There's a campaign underway to save Tasmania's largest newspaper. The bean counters at News Ltd are keen to relocate (sack local workers) the sub-editing desks of The Mercury to a place that apparently knows its spelling and grammar better than us. As is standard operating procedure in any 'save our arses' campaign, there's talk of a mythical beast, filled with integrity, quality, skill and one that sometimes even defecates ice-cream cones. A newspaper you've never encountered in reality, but nonetheless this new found perception seems to act as the main defense to save the under fire entity.
I had been prepared to sign up to the Save Our Mercury campaign; I don't think we need to lose any further jobs down here, but then I realised the axe will be swinging tomorrow, and to further push me into the 'couldn't care less' column, I stumbled across this...
$1m mansions snub downturnI assume the sub-editors at The Mercury still write the snappy headlines. And the argument is the local knowledge of local sub-editors leads to a higher standard of newspaper. In this instance, I expect someone sitting in a mainland sub-editing warehouse could have done an equally inept job. The headline couldn't have been further from capturing the essence of the story - not that the story was more than a confused rabble, bleeding stupidity. Props to Blair Richards for that.
The big news I gleaned was a piece of information from REIT President, Adrian Kelly, who is quickly falling into line with his mainland colleagues - attempting to condition the vendors to drop prices so they might snare a sale. Ado Kelly let this stunning news out and Blair buried it seven paragraphs in...
"We've just finished putting together our March quarter figures and they show that in terms of sales volume, we are at the lowest level in Tasmania that we've seen for two decades," Mr Kelly said.Now that would be a story by itself, but somehow it was stitched mid-way into a nonsense about there being a bunch of million dollar properties on the market. Then the cretin sub-editor seemed to think because there's a whole bunch of million dollar properties listed, that's a sign they're snubbing the downturn. Even worse, not even an anecdotal mention of a million dollar sale - uh, vendor delusion does not equal a snubbing of a downturn. As Ado Kelly, conditioning again, says...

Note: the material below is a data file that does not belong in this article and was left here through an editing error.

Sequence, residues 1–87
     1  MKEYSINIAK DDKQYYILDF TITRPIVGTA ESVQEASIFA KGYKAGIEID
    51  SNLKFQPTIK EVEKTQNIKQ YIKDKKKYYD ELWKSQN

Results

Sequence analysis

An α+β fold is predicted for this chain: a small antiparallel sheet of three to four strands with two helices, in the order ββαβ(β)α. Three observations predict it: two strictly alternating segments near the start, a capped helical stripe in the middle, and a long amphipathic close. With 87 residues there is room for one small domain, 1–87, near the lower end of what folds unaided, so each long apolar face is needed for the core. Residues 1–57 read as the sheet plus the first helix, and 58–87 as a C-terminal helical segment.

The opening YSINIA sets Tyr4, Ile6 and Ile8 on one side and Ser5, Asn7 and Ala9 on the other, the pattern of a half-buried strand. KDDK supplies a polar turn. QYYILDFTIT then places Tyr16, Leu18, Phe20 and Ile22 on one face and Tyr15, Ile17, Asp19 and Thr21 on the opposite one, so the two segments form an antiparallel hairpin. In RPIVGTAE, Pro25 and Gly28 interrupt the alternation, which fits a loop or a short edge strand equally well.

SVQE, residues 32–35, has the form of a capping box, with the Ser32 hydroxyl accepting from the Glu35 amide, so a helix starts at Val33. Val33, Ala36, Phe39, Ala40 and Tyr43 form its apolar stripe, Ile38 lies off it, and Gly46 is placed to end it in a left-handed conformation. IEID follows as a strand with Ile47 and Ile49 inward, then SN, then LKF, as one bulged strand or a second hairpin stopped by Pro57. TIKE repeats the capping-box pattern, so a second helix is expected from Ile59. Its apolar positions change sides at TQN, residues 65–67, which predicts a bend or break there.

"I'd like to see how long they've been on the market for, that would tell a story. I suspect a lot of them are priced over the market."I could go on about the story and how a ridiculous inference has been derived by Blair Richards from every quote Kelly has given, but I think it's dead obvious if you cast the peepers over it.
Things are tough in real estate land, the REIT is begging for reason from vendors, but will it even matter? They've confirmed sales have hit the lowest point in two decades (will anyone else report that alone as straight story?). I've shown Tasmanian housing finance hasn't been so consistently putrid since the late 90's and I've shown listings ballooning - upwards of 30% in six months.
From vendors there will be stubbornness and then there will be fear. While the conditioning is admirable, the real estate agents have 7-10 years of real estate mania to erase. While the buyers can erase it quickly, if the vendor has been mentally recalculating his wealth with every piece of propaganda, seen or heard, throughout the last decade, the market will crumble around him while he crosses his fingers and hopes for the best. The pragmatic ones will keep the market ticking over and ticking down.
Overcapitalised with all those Bunnings inspired renovations? Screwed.
Paid too much? Screwed.
Used the house as an ATM? Screwed.
The only salvation for vendors? The arsonists who keep burning down Housing Tasmania dwellings for kicks. If they turn their attention to all those private empties we may get upwards pressure again.